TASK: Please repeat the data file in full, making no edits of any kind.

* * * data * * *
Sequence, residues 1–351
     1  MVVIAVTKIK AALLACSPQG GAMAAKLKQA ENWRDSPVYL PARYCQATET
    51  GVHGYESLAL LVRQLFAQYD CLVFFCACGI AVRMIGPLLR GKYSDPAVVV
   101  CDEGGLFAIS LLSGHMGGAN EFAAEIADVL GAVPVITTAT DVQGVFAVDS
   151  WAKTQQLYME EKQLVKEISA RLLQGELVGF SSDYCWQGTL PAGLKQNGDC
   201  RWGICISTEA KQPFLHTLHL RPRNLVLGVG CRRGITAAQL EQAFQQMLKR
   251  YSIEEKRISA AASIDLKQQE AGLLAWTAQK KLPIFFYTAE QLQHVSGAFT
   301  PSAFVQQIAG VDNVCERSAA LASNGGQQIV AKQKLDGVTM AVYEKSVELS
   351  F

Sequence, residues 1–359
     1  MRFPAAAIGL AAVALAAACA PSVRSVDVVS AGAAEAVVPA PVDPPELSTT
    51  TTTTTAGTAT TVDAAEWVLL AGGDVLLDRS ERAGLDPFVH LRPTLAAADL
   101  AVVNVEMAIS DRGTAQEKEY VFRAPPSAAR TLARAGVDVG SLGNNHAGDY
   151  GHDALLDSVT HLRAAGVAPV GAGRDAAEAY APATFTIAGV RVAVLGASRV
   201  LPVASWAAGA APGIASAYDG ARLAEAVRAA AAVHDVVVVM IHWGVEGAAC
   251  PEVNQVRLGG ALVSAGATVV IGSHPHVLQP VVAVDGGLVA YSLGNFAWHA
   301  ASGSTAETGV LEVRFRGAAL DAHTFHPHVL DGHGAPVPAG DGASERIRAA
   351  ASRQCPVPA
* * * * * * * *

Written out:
Sequence, residues 1–351
     1  MVVIAVTKIK AALLACSPQG GAMAAKLKQA ENWRDSPVYL PARYCQATET
    51  GVHGYESLAL LVRQLFAQYD CLVFFCACGI AVRMIGPLLR GKYSDPAVVV
   101  CDEGGLFAIS LLSGHMGGAN EFAAEIADVL GAVPVITTAT DVQGVFAVDS
   151  WAKTQQLYME EKQLVKEISA RLLQGELVGF SSDYCWQGTL PAGLKQNGDC
   201  RWGICISTEA KQPFLHTLHL RPRNLVLGVG CRRGITAAQL EQAFQQMLKR
   251  YSIEEKRISA AASIDLKQQE AGLLAWTAQK KLPIFFYTAE QLQHVSGAFT
   301  PSAFVQQIAG VDNVCERSAA LASNGGQQIV AKQKLDGVTM AVYEKSVELS
   351  F

Sequence, residues 1–359
     1  MRFPAAAIGL AAVALAAACA PSVRSVDVVS AGAAEAVVPA PVDPPELSTT
    51  TTTTTAGTAT TVDAAEWVLL AGGDVLLDRS ERAGLDPFVH LRPTLAAADL
   101  AVVNVEMAIS DRGTAQEKEY VFRAPPSAAR TLARAGVDVG SLGNNHAGDY
   151  GHDALLDSVT HLRAAGVAPV GAGRDAAEAY APATFTIAGV RVAVLGASRV
   201  LPVASWAAGA APGIASAYDG ARLAEAVRAA AAVHDVVVVM IHWGVEGAAC
   251  PEVNQVRLGG ALVSAGATVV IGSHPHVLQP VVAVDGGLVA YSLGNFAWHA
   301  ASGSTAETGV LEVRFRGAAL DAHTFHPHVL DGHGAPVPAG DGASERIRAA
   351  ASRQCPVPA